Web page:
Saturday, May 9, 2015

Spring Is In The Air: Fort Yargo State Park, Section B To The Dam, April 26th (Part 1)

April 26th. When I visited Fort Yargo State Park in mid-February, there were few signs of Spring. The only wildflower plants that were obvious were the leaves of Cranefly Orchids (Tipularia discolor) that I found in many places.

The route… I’ve described it here, here, here, and here. This walk doesn’t have the variety of wildflowers as my other walk from the Group A Shelter to the Old Fort but it does have some gems. On a previous walk on April 12th, the leaves of the Pink Lady’s Slipper (Cypripedium acaule) Orchids were starting to bloom and was surprised to find several Smallflower Pawpaw (Asimina parviflora).

It was a sunny Sunday morning. The pedestrian bridge is a favorite fishing spot and quite a lot of people had come to the park to try their luck.

Setting out on the trail.

The woods were quite shaded but the sun was still finding its way through the leaves.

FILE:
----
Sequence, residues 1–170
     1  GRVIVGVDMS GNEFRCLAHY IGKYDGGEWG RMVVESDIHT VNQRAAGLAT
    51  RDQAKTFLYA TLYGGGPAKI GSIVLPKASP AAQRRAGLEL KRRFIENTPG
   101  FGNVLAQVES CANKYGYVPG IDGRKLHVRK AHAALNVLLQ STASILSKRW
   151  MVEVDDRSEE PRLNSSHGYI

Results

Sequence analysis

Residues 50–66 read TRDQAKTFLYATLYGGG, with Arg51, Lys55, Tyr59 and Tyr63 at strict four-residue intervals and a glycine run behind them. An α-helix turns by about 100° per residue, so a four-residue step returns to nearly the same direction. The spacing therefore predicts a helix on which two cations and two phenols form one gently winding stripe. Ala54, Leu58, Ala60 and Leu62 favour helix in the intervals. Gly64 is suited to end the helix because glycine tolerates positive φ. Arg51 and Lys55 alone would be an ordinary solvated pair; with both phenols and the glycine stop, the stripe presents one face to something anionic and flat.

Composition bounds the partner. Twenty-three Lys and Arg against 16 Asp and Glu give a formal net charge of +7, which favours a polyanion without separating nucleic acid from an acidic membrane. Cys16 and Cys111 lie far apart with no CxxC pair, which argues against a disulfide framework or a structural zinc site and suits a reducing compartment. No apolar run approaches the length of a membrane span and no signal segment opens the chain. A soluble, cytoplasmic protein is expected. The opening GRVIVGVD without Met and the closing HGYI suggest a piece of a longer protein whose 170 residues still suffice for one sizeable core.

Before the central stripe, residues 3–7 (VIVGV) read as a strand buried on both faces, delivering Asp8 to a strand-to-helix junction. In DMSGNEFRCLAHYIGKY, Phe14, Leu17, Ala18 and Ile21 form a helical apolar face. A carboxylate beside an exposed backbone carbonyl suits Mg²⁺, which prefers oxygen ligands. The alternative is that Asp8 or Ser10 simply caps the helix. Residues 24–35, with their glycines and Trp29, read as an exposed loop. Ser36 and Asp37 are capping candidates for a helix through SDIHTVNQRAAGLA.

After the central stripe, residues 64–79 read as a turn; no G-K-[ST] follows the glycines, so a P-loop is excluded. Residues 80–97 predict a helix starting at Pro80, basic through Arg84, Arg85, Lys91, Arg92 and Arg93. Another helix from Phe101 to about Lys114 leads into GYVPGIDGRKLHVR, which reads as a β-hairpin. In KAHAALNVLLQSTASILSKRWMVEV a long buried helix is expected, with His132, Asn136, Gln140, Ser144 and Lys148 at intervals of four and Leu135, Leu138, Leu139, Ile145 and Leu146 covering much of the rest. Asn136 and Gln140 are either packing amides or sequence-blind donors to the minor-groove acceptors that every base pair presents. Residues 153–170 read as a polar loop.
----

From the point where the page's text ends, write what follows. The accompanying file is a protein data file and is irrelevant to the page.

Some of the Red Maple (Acer rubrum) leaves had been attacked by the Maple Eyespot Gall midge, Acericecis ocellaris. These are the typical colors of these galls.

This gall may hadn’t developed the red center surrounded by the white zone.

An older spot.

The Christmas Fern (Polystichum acrostichoides) grove was being overgrown rapidly by scuppernong vines.

The vines by the trail were the only ones it was easy to view now.

I was a little surprised to see some fresh Witch’s Butter (Tremella mesenterica) on one of the branches that had fallen during the wind storms earlier this year.

I pressed on along the trail, and…

up ‘The Hill.’ I was anxious to see the…

Smallflower Pawpaw (Asimina parviflora) plant that I had found at the top of the hill. The plant had leafed out properly now.

I was surprised to find another new flower, literally a ‘late bloomer.’

The fruit that I’d seen on my previous walk were still there. The flower sepals were still attached to these, but

had fallen off this flower, leaving just the fruit.

I’m still fascinated by these pine seedlings growing in a cavity in a fallen log.
I headed around to the Tulip Poplar (Liriodendron tulipifera) tree by the trail.

Most of the small buds that I’d seen previously – there were six or seven – had fallen off. Only one was left.

Then I noticed a larger bud a little higher than the other bud, but still reachable.

As I headed up the trail, I noticed a Solomon’s Seal (Polygonatum biflorum) in bloom. I didn’t expect to find one here.

Then, on up the trail through the pine woods, and…

down the open trail to the dam. 
(To be continued…) 

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